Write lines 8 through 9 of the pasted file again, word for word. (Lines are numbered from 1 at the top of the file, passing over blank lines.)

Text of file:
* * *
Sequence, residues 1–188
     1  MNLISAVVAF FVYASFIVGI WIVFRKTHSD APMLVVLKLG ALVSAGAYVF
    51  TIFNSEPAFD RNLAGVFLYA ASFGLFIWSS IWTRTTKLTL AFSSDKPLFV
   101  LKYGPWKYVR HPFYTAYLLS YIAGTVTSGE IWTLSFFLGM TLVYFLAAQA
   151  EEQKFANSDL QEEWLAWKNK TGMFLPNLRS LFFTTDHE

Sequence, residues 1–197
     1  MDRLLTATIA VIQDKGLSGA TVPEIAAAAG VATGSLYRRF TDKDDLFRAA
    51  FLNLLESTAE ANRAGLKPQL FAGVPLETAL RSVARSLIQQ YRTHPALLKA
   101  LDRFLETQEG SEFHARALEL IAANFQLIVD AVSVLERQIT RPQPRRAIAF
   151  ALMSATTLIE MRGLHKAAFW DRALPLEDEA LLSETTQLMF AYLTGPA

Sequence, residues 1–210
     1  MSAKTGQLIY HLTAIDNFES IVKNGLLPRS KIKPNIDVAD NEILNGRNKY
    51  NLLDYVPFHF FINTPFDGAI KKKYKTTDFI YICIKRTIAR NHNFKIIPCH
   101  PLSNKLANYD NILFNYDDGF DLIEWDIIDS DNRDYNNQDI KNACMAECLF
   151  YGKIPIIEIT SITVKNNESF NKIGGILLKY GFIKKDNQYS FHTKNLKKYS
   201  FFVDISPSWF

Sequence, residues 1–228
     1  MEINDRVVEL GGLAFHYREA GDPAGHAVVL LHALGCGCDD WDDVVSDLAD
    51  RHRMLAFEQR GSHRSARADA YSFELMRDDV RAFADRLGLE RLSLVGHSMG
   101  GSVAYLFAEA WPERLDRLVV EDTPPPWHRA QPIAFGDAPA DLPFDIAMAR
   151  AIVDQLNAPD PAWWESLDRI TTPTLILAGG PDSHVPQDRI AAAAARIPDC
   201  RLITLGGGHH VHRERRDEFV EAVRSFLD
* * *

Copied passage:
    51  FLNLLESTAE ANRAGLKPQL FAGVPLETAL RSVARSLIQQ YRTHPALLKA
   101  LDRFLETQEG SEFHARALEL IAANFQLIVD AVSVLERQIT RPQPRRAIAF